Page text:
The End of Gift Exchanges
After a lot of consideration my brother and I have decided not to swap Christmas gifts this year. I’ll still buy gifts for my niece and nephew and he’ll do the same for my son, but we will no longer exchange gifts between each other.
It’s always a struggle to decide what to buy and more often than not we end up buying my brother and sister-in-law a gift card to a restaurant, the movies or a clothing store and they ended up doing the same for us.
My brother and I have never gone hog wild on Christmas gifts for each other. For the most part we spend between $25 and $35 on gifts each year. If I buy him a $25 gift card it doesn’t really make a lot of sense for him to turn around and buy me a different one for the same amount.
We’ll still buy presents for the other adults in our family. I’ll buy my parents and grandmother gifts, but my brother and sister-in-law will no longer find a box from us under the tree.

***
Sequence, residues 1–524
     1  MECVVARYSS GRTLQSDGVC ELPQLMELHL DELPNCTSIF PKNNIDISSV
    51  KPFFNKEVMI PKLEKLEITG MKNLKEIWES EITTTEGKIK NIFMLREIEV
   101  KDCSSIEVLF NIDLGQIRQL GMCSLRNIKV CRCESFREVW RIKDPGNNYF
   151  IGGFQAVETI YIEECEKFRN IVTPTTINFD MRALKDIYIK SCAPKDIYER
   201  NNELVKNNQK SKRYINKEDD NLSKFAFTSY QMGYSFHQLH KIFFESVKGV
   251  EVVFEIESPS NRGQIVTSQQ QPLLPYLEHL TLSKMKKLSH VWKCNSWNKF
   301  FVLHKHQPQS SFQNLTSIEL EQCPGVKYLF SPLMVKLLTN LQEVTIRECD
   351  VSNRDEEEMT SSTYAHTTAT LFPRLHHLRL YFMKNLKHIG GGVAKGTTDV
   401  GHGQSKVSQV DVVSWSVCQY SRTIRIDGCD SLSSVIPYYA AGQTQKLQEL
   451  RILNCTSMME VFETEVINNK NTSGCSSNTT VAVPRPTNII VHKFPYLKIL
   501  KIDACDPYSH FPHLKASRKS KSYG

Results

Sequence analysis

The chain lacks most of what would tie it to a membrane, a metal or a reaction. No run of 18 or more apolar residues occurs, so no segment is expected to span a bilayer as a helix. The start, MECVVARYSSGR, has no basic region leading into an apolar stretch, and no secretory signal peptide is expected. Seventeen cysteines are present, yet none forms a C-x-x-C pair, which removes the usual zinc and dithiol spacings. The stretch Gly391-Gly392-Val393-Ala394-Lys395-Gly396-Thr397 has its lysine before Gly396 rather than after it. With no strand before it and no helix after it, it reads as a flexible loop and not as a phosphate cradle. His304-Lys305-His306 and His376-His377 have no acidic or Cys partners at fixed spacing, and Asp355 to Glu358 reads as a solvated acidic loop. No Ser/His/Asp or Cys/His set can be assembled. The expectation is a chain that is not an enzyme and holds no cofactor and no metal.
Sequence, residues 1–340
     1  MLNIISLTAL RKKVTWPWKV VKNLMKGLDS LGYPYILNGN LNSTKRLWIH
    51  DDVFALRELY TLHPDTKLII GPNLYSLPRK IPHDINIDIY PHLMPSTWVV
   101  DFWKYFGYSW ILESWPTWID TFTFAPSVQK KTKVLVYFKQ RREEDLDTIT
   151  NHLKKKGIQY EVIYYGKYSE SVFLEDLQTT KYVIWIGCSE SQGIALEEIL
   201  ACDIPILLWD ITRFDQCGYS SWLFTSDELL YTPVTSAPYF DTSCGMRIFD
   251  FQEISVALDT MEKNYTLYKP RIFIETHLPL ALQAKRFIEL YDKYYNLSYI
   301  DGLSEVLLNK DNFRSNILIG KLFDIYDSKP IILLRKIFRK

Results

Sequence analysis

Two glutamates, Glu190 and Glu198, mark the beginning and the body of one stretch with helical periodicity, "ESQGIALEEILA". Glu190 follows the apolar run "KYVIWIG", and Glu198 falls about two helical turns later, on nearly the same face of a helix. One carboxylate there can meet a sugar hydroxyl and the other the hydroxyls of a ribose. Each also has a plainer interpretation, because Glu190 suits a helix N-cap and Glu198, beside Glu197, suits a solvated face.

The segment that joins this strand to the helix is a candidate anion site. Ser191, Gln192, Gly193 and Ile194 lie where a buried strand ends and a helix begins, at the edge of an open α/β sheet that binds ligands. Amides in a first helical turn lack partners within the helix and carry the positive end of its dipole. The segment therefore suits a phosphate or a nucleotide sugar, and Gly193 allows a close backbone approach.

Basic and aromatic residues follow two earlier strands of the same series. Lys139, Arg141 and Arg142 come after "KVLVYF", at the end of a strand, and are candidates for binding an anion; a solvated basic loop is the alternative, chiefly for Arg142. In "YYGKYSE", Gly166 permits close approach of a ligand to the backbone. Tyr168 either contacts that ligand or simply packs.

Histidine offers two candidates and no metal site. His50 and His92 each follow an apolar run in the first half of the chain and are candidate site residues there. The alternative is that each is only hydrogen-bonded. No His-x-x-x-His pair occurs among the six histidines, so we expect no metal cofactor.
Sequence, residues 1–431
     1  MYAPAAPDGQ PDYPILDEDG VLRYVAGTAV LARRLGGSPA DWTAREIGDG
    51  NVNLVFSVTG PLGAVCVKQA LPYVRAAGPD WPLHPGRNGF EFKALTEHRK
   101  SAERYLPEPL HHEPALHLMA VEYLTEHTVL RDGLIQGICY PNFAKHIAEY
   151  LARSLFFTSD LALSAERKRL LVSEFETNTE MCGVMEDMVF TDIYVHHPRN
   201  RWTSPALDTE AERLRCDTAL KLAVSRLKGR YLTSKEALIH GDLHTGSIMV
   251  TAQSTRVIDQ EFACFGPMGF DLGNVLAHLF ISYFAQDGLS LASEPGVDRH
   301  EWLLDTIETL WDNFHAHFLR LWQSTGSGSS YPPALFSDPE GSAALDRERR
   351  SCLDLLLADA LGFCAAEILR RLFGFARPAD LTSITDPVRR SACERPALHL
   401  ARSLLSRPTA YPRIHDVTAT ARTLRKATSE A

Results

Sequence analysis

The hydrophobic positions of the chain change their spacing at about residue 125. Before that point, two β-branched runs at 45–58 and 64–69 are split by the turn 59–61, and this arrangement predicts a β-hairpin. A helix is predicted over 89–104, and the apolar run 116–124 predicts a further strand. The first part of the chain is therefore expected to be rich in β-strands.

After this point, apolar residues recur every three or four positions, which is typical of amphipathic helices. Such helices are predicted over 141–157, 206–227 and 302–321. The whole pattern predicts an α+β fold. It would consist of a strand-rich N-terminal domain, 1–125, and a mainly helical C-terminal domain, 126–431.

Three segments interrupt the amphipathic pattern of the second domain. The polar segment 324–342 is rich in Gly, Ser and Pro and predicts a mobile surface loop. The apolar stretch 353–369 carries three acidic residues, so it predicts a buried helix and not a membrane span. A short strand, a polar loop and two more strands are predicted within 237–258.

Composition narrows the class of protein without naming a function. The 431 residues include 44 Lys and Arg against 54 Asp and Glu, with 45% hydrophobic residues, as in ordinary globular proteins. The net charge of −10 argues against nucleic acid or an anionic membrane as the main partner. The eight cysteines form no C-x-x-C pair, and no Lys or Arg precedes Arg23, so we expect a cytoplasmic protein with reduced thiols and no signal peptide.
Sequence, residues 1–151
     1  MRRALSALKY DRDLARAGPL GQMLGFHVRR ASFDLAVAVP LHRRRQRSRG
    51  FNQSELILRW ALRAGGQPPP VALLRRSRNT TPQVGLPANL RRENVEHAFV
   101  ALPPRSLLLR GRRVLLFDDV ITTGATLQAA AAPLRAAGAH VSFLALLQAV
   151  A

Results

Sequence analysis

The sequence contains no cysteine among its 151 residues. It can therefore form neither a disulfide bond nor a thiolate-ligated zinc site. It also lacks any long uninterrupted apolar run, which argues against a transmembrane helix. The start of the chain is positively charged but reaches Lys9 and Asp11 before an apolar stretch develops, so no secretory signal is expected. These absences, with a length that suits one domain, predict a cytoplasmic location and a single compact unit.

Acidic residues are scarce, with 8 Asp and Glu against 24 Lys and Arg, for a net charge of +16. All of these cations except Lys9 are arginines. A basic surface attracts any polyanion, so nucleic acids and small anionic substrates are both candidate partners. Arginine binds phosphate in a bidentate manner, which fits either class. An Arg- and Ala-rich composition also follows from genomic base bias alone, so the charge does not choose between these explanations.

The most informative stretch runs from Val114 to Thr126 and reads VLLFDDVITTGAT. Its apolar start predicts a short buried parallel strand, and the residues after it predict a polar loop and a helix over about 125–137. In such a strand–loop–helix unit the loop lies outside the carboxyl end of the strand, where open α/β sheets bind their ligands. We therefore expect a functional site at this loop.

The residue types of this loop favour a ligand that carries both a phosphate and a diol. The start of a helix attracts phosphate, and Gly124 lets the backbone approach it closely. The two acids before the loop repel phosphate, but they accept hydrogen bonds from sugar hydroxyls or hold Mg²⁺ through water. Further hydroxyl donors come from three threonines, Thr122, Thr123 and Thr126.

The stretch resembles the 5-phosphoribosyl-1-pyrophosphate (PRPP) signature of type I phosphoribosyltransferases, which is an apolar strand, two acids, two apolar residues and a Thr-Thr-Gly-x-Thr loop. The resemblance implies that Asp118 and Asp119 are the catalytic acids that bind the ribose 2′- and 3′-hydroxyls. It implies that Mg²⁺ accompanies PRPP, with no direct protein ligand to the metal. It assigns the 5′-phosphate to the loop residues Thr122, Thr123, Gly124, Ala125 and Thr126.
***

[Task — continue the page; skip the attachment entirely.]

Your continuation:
While it make sense from a financial point of view I must admit that it feels a little strange. I’ve been buying gifts for my brother for as long as I can remember. Even when I was little my parents would let me pick something out and put my name on the “from” portion of the gift tag.
As an adult I find it extremely difficult to buy Christmas gifts for loved ones. I think the issue is more about age then anything else. When you are small you are so excited for Christmas. As you age and toys are replaced by practical things like clothes and household tools the excitement diminishes.
I yearn for those days when I woke up early in the morning, still in my footed pajamas and ran to the living room to find all the boxes with my name on them. These days receiving gifts just isn’t as magical. Sigh. At least we can rekindle some of the passion of Christmas by watching my son open presents.
This year in addition to one or two small toys I’m wrapping empty boxes with tissue paper and bubble wrap. Two things he really loves!
So what about you? Do you still exchange gifts with your siblings and other adults in your family?